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Category Archives: Musings

The late Gene Patterson, who was then editor of the Atlanta Journal Constitution, in 1963 wrote an editorial in response to the 16th Street Baptist Church bombing that was a major catalyst for the Civil Rights Movement. Speaking to his fellow Southerners, he said it was too short-sighted to blame only those who blew up the church; it was the fault of everyone who allowed racism to persist in the culture:

It is too late to blame the sick criminals who handled the dynamite. The FBI and the police can deal with that kind. The charge against them is simple. They killed four children.

Only we can trace the truth, Southerner — you and I. We broke those children’s bodies.

We watched the stage set without staying it. We listened to the prologue unbestirred. We saw the curtain opening with disinterest. We have heard the play.

This column was also read aloud by Walter Cronkite on the “CBS Evening News.” It was a time when news media leaders condemned not only those who directly perpetrated acts of terror but also those in society who let racism persist. I’m saddened by the fact that today not only don’t we see this kind of condemnation from some news media leaders for systemic causes of what happened in Charleston, but instead we see from some overt attempts to find alternative explanations other than racism for this act of terrorism.

As I sit reading weak-ass editorials from some of our nation’s largest newspapers — decrying the shooting in Charleston as “tragic” and “incalculable” while barely if at all acknowledging our collective cultural complicity in allowing such racism to occur — I am relieved that at least we still have someone in the professional media who plays a role as our collective moral compass. Too bad that person is a comedian.

kidreporter-fbI got interested in studying youth journalism because I was involved in it when I was a kid. Even at a very young age, I knew that I wanted to do something in journalism.
Well before my high school journalism experience, at age 10, I got an opportunity to volunteer at an NPR station in Columbus, Ohio. When we moved to Indianapolis, my dad helped me get business cards that said “kid reporter” on them, which we thought I could use to find other media volunteer opportunities.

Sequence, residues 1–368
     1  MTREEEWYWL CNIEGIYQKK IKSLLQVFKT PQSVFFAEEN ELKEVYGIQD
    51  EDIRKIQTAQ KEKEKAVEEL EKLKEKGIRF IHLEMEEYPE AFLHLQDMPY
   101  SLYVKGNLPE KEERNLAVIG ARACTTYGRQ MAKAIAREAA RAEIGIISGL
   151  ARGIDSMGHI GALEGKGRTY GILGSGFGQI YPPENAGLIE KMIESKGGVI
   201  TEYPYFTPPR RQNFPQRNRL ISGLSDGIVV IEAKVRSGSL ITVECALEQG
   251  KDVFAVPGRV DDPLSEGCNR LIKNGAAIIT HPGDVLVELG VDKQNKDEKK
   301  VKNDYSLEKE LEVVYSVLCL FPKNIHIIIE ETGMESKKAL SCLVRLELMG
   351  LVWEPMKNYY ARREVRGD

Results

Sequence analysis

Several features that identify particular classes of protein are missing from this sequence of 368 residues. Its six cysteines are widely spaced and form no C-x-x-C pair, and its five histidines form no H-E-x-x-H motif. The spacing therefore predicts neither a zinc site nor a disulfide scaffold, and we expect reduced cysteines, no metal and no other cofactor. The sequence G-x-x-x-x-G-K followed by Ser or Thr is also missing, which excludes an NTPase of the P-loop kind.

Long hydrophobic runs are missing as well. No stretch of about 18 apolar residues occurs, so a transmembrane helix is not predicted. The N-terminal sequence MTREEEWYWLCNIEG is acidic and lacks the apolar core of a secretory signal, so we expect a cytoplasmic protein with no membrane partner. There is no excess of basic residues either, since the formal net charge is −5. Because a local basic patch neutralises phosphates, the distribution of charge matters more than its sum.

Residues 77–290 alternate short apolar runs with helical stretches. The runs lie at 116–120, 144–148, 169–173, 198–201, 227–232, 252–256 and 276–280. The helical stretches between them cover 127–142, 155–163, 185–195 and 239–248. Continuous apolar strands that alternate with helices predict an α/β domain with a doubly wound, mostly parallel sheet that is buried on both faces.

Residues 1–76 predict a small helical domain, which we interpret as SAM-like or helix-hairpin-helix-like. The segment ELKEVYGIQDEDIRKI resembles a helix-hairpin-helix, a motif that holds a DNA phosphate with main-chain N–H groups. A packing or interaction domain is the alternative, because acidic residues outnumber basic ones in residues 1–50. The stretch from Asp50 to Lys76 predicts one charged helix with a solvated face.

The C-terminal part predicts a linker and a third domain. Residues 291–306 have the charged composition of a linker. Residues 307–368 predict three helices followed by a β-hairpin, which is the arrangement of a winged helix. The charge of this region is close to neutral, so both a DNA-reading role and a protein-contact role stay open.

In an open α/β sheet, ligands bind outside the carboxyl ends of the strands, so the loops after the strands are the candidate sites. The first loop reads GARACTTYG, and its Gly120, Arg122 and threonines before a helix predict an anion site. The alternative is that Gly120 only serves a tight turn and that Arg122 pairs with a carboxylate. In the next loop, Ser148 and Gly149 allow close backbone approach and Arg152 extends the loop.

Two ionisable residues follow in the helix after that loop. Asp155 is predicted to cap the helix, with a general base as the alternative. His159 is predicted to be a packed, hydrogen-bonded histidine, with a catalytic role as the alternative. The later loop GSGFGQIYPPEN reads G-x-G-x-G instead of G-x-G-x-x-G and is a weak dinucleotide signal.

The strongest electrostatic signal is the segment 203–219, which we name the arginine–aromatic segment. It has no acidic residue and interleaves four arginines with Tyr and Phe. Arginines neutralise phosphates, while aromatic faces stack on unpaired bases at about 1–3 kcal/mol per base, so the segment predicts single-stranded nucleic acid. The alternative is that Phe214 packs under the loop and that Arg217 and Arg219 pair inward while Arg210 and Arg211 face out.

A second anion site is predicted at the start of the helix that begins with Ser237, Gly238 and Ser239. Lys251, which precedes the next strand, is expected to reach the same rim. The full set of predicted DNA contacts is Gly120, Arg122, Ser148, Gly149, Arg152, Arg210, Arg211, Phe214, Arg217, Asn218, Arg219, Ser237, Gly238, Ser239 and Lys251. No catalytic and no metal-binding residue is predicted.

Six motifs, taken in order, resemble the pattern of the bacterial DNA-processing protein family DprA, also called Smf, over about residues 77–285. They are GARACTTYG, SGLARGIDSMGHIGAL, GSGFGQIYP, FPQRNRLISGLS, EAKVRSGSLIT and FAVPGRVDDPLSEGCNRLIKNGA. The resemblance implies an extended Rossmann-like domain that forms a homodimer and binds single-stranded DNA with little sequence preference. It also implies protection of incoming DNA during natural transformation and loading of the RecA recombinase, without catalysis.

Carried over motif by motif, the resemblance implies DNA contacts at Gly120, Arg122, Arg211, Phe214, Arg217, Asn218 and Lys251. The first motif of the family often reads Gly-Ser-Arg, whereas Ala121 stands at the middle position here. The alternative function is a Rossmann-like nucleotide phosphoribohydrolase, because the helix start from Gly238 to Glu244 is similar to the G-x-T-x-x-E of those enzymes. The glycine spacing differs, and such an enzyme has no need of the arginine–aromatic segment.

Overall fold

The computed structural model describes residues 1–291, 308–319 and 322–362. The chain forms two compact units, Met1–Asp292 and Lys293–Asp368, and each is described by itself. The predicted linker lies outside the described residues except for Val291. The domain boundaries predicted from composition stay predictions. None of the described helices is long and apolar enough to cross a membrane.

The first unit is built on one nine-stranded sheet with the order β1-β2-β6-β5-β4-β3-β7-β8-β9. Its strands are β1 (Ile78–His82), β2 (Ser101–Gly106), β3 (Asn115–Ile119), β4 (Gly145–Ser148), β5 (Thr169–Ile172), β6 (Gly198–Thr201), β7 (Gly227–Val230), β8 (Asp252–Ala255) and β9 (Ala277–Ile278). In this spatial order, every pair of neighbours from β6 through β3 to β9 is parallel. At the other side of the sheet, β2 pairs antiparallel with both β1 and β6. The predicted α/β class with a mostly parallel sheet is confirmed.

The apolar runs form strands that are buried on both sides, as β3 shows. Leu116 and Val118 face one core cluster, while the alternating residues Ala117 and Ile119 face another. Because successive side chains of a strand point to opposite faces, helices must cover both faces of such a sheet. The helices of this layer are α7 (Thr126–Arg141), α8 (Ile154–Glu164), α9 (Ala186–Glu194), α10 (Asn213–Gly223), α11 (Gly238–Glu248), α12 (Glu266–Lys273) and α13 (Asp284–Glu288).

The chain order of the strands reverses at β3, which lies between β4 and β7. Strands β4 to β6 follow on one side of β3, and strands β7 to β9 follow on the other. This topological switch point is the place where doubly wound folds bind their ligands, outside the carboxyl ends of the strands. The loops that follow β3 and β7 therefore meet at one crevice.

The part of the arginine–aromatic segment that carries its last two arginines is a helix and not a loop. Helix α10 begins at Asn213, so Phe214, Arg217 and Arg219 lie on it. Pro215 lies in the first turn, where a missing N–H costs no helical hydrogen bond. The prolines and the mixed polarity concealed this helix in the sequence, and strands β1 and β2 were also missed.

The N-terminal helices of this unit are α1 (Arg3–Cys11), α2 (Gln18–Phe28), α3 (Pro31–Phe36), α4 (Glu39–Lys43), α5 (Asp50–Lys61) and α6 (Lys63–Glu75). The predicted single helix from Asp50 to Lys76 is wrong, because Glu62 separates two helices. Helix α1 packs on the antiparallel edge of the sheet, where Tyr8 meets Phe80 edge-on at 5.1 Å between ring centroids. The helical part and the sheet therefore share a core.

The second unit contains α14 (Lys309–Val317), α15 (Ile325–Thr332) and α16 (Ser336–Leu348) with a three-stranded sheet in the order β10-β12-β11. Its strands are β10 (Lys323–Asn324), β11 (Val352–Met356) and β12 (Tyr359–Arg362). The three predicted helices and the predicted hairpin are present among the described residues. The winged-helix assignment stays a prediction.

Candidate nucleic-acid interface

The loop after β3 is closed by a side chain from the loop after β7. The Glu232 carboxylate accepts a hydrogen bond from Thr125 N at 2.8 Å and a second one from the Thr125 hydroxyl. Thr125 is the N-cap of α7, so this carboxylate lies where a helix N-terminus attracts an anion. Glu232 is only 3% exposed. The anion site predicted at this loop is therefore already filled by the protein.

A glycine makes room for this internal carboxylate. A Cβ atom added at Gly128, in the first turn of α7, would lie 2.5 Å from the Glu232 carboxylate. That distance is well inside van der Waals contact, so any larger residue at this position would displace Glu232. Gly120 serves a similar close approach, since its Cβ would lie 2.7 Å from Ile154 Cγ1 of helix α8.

So, I submitted an application — with my business card — to Children’s Express, where I learned even more about journalism and got some pretty amazing opportunities. 
Children’s Express became Y-Press several years ago. In 2008, I got the opportunity to spend several days as a chaperone/adviser with Y-Press kid reporters covering the Republican National Convention. It really was an amazing experience that reminded me of the value of youth journalism and media programs.
Today, I received an envelope from Lynn Sygiel, the director of Y-Press who has been there since CE started and since I joined the group in 1993. In it, she included this photo and business card. 
Unfortunately, amid financial challenges, the Y-Press board decided to dissolve the organization. I am so saddened by this news. Y-Press and organizations like it are so vital to teaching civics and promoting a strong youth voice in media. I hope — somehow — that youth media organizations find a way to survive, and that funders see the benefit of these important programs.

That’s right. I’ve got a busy few months ahead of me. I’m deep into dissertation writing – have about half written and should be collecting more survey data within the next month. I will easily be able to finish this summer. At least I’m further than the first paragraph.

Also, I’m still looking for a job for next year. It’s a tough market for the journalism faculty positions now. Maybe I should have studied advertising. 😉 In all seriousness, though, things are looking up for the future, and I hold quite a bit of faith that I will be teaching and/or researching come fall.

Oh, and there is this other thing that I am forgetting. What … is … it? Oh, I’m getting married. Renée and I just sent out the invitations this week, and they look great (thanks to our good friend, Shelby Geidner, who designed them).